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The genetic structure of the Turkish population reveals high levels of variation and admixture

Kars, M. Ece, Basak, A. Nazli, Onat, O. Emre, Bilguvar, Kaya, Choi, Jungmin, Itan, Yuval, Çalar, Caner, Palvadeau, Robin, Casanova, Jean-Laurent, Cooper, David N., Stenson, Peter D., Yavuz, Alper, Bulus, Hakan, Günel, Murat, Friedman, Jeffrey M. and Özçelik, Tayfun 2021. The genetic structure of the Turkish population reveals high levels of variation and admixture. Proceedings of the National Academy of Sciences 118 (36) , e2026076118. 10.1073/pnas.2026076118

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Abstract

The construction of population-based variomes has contributed substantially to our understanding of the genetic basis of human inherited disease. Here, we investigated the genetic structure of Turkey from 3,362 unrelated subjects whose whole exomes (n = 2,589) or whole genomes (n = 773) were sequenced to generate a Turkish (TR) Variome that should serve to facilitate disease gene discovery in Turkey. Consistent with the history of present-day Turkey as a crossroads between Europe and Asia, we found extensive admixture between Balkan, Caucasus, Middle Eastern, and European populations with a closer genetic relationship of the TR population to Europeans than hitherto appreciated. We determined that 50% of TR individuals had high inbreeding coefficients (≥0.0156) with runs of homozygosity longer than 4 Mb being found exclusively in the TR population when compared to 1000 Genomes Project populations. We also found that 28% of exome and 49% of genome variants in the very rare range (allele frequency < 0.005) are unique to the modern TR population. We annotated these variants based on their functional consequences to establish a TR Variome containing alleles of potential medical relevance, a repository of homozygous loss-of-function variants and a TR reference panel for genotype imputation using high-quality haplotypes, to facilitate genome-wide association studies. In addition to providing information on the genetic structure of the modern TR population, these data provide an invaluable resource for future studies to identify variants that are associated with specific phenotypes as well as establishing the phenotypic consequences of mutations in specific genes.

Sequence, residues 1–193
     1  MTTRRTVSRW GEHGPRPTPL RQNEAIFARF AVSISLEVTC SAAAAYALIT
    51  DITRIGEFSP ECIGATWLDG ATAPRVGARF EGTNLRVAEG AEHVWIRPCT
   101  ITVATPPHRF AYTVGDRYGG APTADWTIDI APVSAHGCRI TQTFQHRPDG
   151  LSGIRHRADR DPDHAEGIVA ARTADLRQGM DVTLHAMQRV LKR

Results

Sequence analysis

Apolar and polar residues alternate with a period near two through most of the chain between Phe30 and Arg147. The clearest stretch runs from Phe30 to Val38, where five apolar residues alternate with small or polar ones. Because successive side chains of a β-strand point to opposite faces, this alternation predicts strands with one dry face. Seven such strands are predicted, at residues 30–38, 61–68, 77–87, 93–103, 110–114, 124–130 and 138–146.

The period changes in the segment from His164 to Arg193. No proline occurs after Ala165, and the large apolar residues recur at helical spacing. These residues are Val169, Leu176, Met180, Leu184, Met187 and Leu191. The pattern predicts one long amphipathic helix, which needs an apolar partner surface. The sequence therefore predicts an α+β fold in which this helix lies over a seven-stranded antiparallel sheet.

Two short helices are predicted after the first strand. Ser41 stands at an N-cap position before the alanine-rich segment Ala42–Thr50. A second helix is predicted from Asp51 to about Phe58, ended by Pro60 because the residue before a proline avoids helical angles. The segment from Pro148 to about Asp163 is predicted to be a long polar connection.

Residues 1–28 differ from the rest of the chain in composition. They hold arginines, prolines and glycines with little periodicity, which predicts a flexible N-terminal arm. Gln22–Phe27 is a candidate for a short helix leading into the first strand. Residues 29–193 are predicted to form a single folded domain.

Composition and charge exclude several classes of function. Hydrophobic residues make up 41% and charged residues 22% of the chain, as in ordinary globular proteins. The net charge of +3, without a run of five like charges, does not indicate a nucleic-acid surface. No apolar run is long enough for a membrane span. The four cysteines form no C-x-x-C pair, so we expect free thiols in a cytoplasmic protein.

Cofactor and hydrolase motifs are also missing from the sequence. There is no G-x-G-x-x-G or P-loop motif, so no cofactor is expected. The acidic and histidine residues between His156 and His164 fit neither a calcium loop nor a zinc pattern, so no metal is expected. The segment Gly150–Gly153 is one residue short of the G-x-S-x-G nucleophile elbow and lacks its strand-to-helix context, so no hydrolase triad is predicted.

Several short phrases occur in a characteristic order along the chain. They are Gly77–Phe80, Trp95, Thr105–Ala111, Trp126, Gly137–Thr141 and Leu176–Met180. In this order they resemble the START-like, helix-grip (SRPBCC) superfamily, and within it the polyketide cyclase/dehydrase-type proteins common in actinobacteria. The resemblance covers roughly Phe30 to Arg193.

Item Type: Article
Date Type: Publication
Status: Published
Schools: Medicine
Publisher: National Academy of Sciences
ISSN: 0027-8424
Date of First Compliant Deposit: 14 September 2021
Date of Acceptance: 13 July 2021
Last Modified: 23 Feb 2022 17:32
URI: https://orca.cardiff.ac.uk/id/eprint/144097

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